as far as i know, you need to identify language devices and alternative analysis. without alternative analysis there's no way you can get an A* as far as i was told
    • Thread Starter
    Offline

    1
    ReputationRep:
    Thanks so much guys, love the tips. I really like that idea about the mask being a thing of its own, I guess I havent been looking at the deeper meaning of the quote. Really appreciate the help
    Offline

    7
    ReputationRep:
    For analysis, just remember PEEL (this is how I did it and got an A* at GCSE)

    P- Point. One sentence at the start of the paragraph. 2 if it's a really juicy point. Link it to the question.
    E- Evidence. These will be quotes which are embedded in..
    E- Explanation. Explain the impact of the quote, the word choice, the author, the story etc. Just explain your point.
    L- Link. Link the explanation to the point. As the point is linked to the question, you have a nice, structured answer. It wouldn't hurt to re-enforce the link by stating the link to the question again, using different words.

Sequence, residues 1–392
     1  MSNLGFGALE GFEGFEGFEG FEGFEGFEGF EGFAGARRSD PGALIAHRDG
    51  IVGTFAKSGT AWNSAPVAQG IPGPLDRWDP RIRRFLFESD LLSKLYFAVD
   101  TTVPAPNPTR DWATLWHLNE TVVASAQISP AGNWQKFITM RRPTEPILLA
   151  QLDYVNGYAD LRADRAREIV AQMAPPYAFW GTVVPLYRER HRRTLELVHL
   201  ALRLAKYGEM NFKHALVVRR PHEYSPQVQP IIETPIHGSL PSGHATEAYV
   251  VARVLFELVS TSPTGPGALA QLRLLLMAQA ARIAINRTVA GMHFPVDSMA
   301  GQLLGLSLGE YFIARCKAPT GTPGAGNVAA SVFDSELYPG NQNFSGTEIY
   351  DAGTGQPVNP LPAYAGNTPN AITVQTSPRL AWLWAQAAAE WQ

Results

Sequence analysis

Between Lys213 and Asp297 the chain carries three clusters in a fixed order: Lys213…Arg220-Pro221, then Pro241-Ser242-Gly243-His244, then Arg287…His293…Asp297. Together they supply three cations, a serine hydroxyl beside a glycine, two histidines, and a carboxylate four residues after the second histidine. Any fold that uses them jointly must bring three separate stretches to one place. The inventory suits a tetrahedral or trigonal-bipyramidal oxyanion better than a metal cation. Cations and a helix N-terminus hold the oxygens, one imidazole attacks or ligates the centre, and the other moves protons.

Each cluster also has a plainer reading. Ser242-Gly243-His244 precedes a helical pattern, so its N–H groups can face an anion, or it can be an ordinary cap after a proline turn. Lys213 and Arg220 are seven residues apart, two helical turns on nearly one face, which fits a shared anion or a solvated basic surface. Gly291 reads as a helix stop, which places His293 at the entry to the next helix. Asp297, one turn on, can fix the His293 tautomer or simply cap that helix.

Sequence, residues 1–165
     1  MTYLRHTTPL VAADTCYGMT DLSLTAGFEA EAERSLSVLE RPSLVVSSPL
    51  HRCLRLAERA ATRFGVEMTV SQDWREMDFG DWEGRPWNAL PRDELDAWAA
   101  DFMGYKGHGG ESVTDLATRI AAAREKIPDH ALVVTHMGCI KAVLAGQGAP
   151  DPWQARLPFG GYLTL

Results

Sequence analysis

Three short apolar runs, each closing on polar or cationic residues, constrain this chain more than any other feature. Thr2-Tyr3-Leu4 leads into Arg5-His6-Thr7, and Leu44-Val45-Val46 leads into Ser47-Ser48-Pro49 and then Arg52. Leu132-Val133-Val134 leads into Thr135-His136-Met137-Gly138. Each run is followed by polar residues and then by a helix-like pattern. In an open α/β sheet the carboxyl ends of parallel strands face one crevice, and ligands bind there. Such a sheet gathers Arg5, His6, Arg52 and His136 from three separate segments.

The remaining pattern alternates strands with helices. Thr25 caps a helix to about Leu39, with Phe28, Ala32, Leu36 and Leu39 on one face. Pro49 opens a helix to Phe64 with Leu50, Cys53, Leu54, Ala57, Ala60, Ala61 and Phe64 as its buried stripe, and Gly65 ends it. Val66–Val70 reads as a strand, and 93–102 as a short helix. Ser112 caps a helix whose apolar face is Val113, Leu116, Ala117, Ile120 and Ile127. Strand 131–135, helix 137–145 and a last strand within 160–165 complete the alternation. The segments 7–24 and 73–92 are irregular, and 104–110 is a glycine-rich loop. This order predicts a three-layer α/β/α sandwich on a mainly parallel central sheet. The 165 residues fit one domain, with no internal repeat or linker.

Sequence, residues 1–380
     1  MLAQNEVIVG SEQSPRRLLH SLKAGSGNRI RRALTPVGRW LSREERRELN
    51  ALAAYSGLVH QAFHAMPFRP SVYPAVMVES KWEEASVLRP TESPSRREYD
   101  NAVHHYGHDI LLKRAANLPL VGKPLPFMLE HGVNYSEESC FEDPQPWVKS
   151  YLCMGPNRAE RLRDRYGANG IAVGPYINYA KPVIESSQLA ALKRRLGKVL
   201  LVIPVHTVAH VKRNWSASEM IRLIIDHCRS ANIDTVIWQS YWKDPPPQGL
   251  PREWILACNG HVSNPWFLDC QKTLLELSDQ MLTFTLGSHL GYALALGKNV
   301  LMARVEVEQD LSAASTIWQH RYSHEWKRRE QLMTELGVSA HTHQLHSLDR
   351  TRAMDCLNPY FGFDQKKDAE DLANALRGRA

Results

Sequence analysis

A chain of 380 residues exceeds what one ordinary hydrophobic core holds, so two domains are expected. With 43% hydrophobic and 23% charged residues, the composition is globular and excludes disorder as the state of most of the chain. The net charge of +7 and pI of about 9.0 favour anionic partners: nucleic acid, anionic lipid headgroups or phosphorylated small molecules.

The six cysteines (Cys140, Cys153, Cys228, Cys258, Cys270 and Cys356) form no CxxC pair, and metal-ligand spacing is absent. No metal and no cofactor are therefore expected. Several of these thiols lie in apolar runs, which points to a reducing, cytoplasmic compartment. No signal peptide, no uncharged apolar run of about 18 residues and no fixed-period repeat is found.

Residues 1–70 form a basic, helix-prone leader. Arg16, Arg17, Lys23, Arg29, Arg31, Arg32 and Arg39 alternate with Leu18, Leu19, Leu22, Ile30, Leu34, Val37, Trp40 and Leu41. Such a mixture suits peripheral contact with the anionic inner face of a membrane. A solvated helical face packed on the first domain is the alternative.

For my exam, I aimed for 4?? good points (I don't remember, it was last year) + a good intro (6 ish lines) and conclusion (8 ish lines). Each point should take around 1/2 - 3/4 of a page. That's how much you should expand on them.
    Offline

    7
    ReputationRep:
    (Original post by animeamanda1412)
    as far as i know, you need to identify language devices and alternative analysis. without alternative analysis there's no way you can get an A* as far as i was told
    Yes this!! I almost forgot about it. Also context.. sometimes you need a little background info (like did the author's upbringing parallel some themes in the book? things like that. Not too much of this though. You can find some context on the internet, do a little research).
    • Thread Starter
    Offline

    1
    ReputationRep:
    apparently for the aqa literature exam there are no marks for context, that was only in the coursework
    • Thread Starter
    Offline

    1
    ReputationRep:
    (Original post by edday578)
    apparently for the aqa literature exam there are no marks for context, that was only in the coursework
    edit: context for of mice and men, not for lord of the flies
    Offline

    19
    ReputationRep:
    (Original post by WhatIsSleep)
    Yes this!! I almost forgot about it. Also context.. sometimes you need a little background info (like did the author's upbringing parallel some themes in the book? things like that. Not too much of this though. You can find some context on the internet, do a little research).
    what the dude said
    • Thread Starter
    Offline

    1
    ReputationRep:
    (Original post by WhatIsSleep)